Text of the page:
Josh: Well, you know, to Kenny, like you know somebody with all of the crowd funding platforms that are out there, crowd Street, Yield Street, Pierce Street Cadre, all these different crowd funding platforms. If people want to invest and have somebody else do the due diligence, what I see when we get those kind of leads, and we did a 506C campaign two years ago, we ramped up a 506C fund and we did a bunch of advertising and we’re getting opt ins for about $50 bucks an opt in. What we found was that almost nobody would get on the phone with us. They wanted information, they wanted a packet, and then if they did invest or they were interested in investing, they were talking about like a $5,000 commitment or a $25,000, why? Because no relationship, right? They were just investing in a platform, not in a relationship.

Josh: So I think that’s what people are dealing with 506C is that they’re toggling the fence between B and crowd funding. And if you’re going to go with the general solicitation, my advice would still be to use 506C, but to do it with the intention of creating relationships. Just kind of taking the gloves off. And same thing with you. Kenny may have a ton of sophisticated but not accredited investors. So you orphan them. If you go with C, right? I would tell people, look, if you’re thinking you’re just going to go with C, you’re going to throw your multi-family deal up on Facebook, Instagram, social media, email marketing, and get leads and people are going to invest and they’re going to invest substantial amounts of money. I think you’re, you know, you’re smoking something, it’s not going to happen.

Josh: Because if they’re going to invest, they would rather just be like, well, I’m going to go with a crowd funding platform because they’re going to vet out the operator, they’re going to do the due diligence and then they can invest a small amount of money, right. So I don’t know if you, you’ve obviously experienced very similar things. That’s why you’ve gone with B’s. So any additional thoughts on that or even thoughts on what crowdfunding, if you’ve had good or bad experiences with your investors considering that option versus what you do?

Kenny: Yeah, so we, I mean, we’ve talked to the crowd fund guys and it’s probably been a year or so, but I wasn’t all that impressed on how much they could raise. And then, and then how much they took her, the deal. It just was to me, not worth it because we’ve got such a big marketing machine that it wasn’t worth it for me to go, you know, get $10,000, $5,000 investors, you know to get up to, you know, $3, $4 or $5 million deal. That’s a lot of investors you’ve got to have. So to me it was, it wasn’t worth it. I think it’s a budding industry. I think it’s going gain, I think it’s going to gain some steam. That’s probably something we revisit down in the future. But right now with, you know 900 plus people on our, you know, in our investor list, there’s really no, you know, right now we just don’t have the need for that.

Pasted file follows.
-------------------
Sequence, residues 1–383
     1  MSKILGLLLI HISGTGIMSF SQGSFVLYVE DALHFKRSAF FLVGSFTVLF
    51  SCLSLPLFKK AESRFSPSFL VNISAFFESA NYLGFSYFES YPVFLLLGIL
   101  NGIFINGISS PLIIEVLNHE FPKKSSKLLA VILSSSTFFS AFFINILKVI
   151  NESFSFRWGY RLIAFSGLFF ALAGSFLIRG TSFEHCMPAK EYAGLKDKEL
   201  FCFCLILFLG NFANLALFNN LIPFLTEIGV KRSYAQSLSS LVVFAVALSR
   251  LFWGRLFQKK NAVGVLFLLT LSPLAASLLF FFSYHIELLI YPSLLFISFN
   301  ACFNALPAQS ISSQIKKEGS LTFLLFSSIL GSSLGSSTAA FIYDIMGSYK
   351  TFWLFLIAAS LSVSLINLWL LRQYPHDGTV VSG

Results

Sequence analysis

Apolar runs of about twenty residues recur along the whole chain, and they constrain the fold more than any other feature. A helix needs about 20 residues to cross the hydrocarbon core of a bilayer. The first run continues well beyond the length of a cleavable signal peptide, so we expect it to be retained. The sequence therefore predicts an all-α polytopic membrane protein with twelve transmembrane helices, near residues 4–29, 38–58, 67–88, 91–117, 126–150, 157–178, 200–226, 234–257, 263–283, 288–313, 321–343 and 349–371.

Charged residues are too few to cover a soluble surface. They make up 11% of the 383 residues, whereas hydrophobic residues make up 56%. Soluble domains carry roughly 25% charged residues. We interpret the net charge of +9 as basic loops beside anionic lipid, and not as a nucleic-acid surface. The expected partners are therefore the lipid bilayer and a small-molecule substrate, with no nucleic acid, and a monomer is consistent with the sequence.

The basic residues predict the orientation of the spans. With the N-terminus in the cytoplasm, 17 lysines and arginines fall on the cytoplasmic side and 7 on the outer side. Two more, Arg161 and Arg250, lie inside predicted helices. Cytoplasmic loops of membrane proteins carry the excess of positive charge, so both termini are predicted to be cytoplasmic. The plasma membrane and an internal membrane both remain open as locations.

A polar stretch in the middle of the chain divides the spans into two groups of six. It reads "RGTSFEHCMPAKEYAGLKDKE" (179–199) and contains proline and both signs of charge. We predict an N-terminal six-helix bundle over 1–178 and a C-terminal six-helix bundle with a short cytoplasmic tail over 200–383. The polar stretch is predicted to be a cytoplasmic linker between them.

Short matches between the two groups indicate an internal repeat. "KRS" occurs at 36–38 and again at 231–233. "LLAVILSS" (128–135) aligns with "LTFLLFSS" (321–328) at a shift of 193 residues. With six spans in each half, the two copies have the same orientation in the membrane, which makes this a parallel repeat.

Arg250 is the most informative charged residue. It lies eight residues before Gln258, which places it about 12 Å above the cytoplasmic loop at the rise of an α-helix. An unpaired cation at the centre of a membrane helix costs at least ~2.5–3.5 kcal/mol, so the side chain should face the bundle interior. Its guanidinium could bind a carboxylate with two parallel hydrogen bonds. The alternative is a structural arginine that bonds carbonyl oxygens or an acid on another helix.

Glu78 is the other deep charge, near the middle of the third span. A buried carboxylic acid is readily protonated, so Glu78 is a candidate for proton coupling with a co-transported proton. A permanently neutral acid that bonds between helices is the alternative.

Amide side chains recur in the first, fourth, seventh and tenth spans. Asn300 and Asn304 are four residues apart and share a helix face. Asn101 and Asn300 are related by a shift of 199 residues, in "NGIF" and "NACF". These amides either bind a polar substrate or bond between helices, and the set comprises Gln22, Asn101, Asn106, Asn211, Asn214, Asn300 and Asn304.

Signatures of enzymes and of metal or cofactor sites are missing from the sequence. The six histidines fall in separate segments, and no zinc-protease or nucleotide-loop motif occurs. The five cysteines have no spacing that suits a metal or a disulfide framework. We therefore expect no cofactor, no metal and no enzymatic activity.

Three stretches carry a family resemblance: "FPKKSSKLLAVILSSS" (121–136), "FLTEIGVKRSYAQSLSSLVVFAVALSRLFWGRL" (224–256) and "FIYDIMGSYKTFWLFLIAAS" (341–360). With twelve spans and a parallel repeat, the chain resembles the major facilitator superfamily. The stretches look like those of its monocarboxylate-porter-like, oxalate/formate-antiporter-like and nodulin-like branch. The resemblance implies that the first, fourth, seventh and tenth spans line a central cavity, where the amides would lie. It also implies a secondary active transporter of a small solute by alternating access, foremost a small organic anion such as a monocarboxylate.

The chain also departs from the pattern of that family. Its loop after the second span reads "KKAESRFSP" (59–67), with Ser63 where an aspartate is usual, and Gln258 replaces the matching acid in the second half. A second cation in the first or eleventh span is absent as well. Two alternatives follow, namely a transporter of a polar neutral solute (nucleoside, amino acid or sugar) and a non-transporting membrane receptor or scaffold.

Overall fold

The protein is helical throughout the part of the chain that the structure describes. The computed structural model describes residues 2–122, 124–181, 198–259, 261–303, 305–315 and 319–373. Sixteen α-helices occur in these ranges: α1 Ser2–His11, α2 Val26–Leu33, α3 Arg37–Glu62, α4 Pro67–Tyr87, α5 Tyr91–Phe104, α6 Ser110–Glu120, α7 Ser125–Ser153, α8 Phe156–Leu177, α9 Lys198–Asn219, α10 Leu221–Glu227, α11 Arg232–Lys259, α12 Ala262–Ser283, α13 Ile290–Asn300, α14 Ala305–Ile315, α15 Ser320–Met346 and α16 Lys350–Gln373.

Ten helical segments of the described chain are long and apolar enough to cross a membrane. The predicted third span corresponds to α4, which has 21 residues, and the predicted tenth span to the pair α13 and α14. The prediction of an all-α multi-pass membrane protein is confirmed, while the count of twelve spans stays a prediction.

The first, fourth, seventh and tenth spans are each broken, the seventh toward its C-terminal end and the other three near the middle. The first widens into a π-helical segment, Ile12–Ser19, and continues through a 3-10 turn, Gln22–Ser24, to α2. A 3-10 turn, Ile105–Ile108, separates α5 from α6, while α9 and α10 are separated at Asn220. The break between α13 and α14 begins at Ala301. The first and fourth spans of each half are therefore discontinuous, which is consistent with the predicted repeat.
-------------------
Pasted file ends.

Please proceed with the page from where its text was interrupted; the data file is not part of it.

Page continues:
Josh: Yeah, absolutely. Well, fantastic. Kenny, listen, I want to do is give you an opportunity again, to have our audience connect with you. Whether they want to joint venture on a deal or potentially invest in a deal or just get to know you better or come to your conference. Tell us just a little bit about where they connect. I know you have a book, so tell us about your book on Amazon, your website and where they can connect with you.

Kenny: Yeah, so our book, I sold one book in Australia and then we were best other for a day. So I’m an international bestseller seller.

Josh: Nice. Who else can say that? That’s awesome.

Kenny: That’s right. So it’s called an Investing In The Dream. It’s on Amazon. Check it out. I’m actually working on a second book now, which will, so the first one’s about investing kind of kind of how we got started and how folks could get started in the business as well. And then this next book I’m working on to some of the funny stories we come across by owning all these deals because there’s a whole chapter on animals and the weird stuff people do and all that. So that’ll be a fun book to write this over the holidays. And so that’s coming out.

Kenny: And then, yeah, our website is Wolfe, W O L F E Investments.com. That’s the best place to reach us. We’re on Facebook, you know, YouTube, social media, LinkedIn as well. So, and then we’ve got the conferences. So check those out. It’s a great way to network and meet, you know, Houston, like I said, something about 400 people there be a massive event. It’s at the West End, super nice. A plated meal, so you don’t have to run off and go get a bag lunch from somewhere is, and it’s all about networking and round tables. So, yeah.

Josh: Fantastic. I love it. Well there you have it, Kenny. Listen, I just wanted to ask you one final question, which is, as an entrepreneur, whether you invest in multi-family or invested in ECOMM business or you’re in the, you know, selling cars, whatever you sell, I always like to ask my guests about what, or just one or two of their best thoughts, strategies, hacks, habits, what are some of the things that they do that they think has helped them become just a successful entrepreneur? So what are some things maybe that you’ve done or habits that you have, books that you’ve read, things that have had a big impact on your life, habits that you have, things you do that have really made you just a flat out successful entrepreneur regardless of the niche that you’re in?